The following tables break down the port requirements for traffic between the Rancher nodes:

Rules for traffic between Rancher nodes
ProtocolPortDescription
TCP443Rancher agents
TCP2379etcd client requests
TCP2380etcd peer communication
TCP6443Kubernetes apiserver
UDP8472Canal/Flannel VXLAN overlay networking
TCP9099Canal/Flannel livenessProbe/readinessProbe
TCP10250Metrics server communication with all nodes
TCP10254Ingress controller livenessProbe/readinessProbe

The following tables break down the port requirements for inbound and outbound traffic:

Inbound Rules for Rancher Nodes
ProtocolPortSourceDescription
TCP22RKE CLISSH provisioning of node by RKE
TCP80Load Balancer/Reverse ProxyHTTP traffic to Rancher UI/API
TCP443
  • Load Balancer/Reverse Proxy
  • IPs of all cluster nodes and other API/UI clients
HTTPS traffic to Rancher UI/API
TCP6443Kubernetes API clientsHTTPS traffic to Kubernetes API
Outbound Rules for Rancher Nodes
ProtocolPortDestinationDescription
TCP44335.160.43.145,35.167.242.46,52.33.59.17Rancher catalog (git.rancher.io)
TCP22Any node created using a node driverSSH provisioning of node by node driver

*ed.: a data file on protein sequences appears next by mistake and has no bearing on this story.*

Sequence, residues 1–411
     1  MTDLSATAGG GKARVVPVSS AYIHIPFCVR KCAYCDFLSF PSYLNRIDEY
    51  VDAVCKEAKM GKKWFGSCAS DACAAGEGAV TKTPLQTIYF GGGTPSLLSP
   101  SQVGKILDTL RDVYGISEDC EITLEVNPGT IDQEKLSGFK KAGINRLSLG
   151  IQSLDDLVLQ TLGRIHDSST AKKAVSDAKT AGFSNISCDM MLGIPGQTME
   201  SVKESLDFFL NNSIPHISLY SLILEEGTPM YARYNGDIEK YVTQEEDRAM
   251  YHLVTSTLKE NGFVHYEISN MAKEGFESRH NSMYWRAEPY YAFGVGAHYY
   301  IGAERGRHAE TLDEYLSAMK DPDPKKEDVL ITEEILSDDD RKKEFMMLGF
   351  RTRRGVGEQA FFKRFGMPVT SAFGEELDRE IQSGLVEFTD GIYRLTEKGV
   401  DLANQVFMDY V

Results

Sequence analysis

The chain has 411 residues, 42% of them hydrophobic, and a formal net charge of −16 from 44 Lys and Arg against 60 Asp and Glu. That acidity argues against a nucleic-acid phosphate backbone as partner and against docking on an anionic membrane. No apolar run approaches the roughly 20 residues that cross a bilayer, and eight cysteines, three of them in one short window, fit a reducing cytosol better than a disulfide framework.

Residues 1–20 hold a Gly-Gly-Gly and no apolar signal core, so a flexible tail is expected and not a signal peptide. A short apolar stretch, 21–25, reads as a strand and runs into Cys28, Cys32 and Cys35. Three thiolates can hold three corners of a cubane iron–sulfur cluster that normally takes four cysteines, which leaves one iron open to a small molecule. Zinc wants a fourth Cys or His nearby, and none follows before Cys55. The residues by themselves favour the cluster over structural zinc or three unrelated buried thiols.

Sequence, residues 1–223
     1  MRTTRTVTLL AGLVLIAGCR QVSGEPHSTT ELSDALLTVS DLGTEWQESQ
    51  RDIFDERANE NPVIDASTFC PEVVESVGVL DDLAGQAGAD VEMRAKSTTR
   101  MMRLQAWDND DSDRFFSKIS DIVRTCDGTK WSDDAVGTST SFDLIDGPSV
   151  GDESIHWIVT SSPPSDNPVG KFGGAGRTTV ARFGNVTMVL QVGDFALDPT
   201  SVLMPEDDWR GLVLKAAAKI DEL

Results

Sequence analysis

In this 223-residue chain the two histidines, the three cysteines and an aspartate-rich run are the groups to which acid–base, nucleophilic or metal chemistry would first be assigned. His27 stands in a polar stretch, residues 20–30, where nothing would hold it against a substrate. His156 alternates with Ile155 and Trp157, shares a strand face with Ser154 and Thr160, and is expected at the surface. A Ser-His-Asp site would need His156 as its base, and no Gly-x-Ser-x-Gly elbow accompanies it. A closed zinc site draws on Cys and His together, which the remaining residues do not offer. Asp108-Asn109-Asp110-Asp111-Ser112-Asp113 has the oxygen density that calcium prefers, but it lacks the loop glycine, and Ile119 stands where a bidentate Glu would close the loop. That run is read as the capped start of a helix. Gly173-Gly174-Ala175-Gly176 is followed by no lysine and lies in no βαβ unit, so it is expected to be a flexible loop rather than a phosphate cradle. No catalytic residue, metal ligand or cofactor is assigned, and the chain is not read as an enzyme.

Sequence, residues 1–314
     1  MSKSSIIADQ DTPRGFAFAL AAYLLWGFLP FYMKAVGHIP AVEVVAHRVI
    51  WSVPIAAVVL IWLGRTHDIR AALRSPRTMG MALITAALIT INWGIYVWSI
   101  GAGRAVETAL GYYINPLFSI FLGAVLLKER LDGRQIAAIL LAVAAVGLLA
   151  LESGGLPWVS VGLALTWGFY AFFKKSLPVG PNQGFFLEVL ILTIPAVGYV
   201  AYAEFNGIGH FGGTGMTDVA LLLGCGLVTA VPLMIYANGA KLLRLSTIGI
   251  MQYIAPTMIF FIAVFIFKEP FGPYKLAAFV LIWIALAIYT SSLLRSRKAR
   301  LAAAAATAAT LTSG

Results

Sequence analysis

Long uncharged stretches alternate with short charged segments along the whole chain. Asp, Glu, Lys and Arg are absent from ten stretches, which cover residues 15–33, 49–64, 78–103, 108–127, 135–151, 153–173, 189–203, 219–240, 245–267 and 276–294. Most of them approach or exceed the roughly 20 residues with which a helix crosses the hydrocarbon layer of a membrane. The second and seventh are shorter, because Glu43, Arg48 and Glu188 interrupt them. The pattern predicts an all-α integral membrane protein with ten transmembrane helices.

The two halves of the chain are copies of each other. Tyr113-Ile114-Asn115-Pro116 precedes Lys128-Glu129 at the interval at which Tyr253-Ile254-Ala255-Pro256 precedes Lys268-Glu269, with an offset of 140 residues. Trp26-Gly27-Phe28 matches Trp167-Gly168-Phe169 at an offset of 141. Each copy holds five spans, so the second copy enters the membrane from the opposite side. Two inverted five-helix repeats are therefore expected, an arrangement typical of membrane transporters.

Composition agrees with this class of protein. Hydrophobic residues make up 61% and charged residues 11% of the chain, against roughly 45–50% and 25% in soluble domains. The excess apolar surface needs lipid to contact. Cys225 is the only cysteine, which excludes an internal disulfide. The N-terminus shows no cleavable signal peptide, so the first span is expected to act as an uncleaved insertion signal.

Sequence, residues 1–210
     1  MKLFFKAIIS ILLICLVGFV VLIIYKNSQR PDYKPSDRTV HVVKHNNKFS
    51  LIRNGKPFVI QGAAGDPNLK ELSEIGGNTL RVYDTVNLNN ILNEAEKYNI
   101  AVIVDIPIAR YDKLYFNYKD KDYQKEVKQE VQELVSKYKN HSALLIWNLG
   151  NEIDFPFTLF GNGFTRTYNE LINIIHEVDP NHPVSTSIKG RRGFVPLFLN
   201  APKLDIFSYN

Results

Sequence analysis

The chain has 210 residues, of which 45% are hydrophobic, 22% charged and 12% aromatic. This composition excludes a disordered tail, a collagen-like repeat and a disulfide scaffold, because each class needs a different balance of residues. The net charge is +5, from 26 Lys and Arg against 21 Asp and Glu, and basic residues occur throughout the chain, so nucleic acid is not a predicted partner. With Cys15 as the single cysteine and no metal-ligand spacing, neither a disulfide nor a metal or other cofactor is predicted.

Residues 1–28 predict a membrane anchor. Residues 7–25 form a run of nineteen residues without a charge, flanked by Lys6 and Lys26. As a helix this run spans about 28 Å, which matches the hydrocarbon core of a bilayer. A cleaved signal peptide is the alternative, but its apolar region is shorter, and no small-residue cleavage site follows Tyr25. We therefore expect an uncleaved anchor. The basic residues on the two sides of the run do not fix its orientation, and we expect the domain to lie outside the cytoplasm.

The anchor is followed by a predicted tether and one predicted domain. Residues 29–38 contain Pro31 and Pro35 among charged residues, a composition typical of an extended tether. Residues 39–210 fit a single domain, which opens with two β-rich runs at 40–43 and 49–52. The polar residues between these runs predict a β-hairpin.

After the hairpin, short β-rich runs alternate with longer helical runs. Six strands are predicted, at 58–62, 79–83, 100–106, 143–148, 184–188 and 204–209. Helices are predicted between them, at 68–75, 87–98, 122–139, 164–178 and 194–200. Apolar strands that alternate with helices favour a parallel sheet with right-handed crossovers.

TCP2376Any node created using a node driverDocker daemon TLS port used by node driver
TCP6443Hosted/Imported Kubernetes APIKubernetes API server
TCPProvider dependentPort of the Kubernetes API endpoint in hosted clusterKubernetes API

Ports for Rancher Server Nodes on RancherD or RKE2

Note: RancherD was an experimental feature available as part of Rancher v2.5.4 through v2.5.10 but is now deprecated and not available for recent releases.

Click to expand

The RancherD (or RKE2) server needs port 6443 and 9345 to be accessible by other nodes in the cluster.

All nodes need to be able to reach other nodes over UDP port 8472 when Flannel VXLAN is used.

If you wish to utilize the metrics server, you will need to open port 10250 on each node.

Important: The VXLAN port on nodes should not be exposed to the world as it opens up your cluster network to be accessed by anyone. Run your nodes behind a firewall/security group that disables access to port 8472.

Inbound Rules for RancherD or RKE2 Server Nodes
ProtocolPortSourceDescription
TCP9345RancherD/RKE2 agent nodesKubernetes API
TCP6443RancherD/RKE2 agent nodesKubernetes API
UDP8472RancherD/RKE2 server and agent nodesRequired only for Flannel VXLAN
TCP10250RancherD/RKE2 server and agent nodeskubelet
TCP2379RancherD/RKE2 server nodesetcd client port
TCP2380RancherD/RKE2 server nodesetcd peer port
TCP30000-32767RancherD/RKE2 server and agent nodesNodePort port range
HTTP8080Load balancer/proxy that does external SSL terminationRancher UI/API when external SSL termination is used
HTTPS8443
  • hosted/registered Kubernetes
  • any source that needs to be able to use the Rancher UI or API
Rancher agent, Rancher UI/API, kubectl. Not needed if you have LB doing TLS termination.

Typically all outbound traffic is allowed.

Ports for Rancher Server in Docker

Click to expand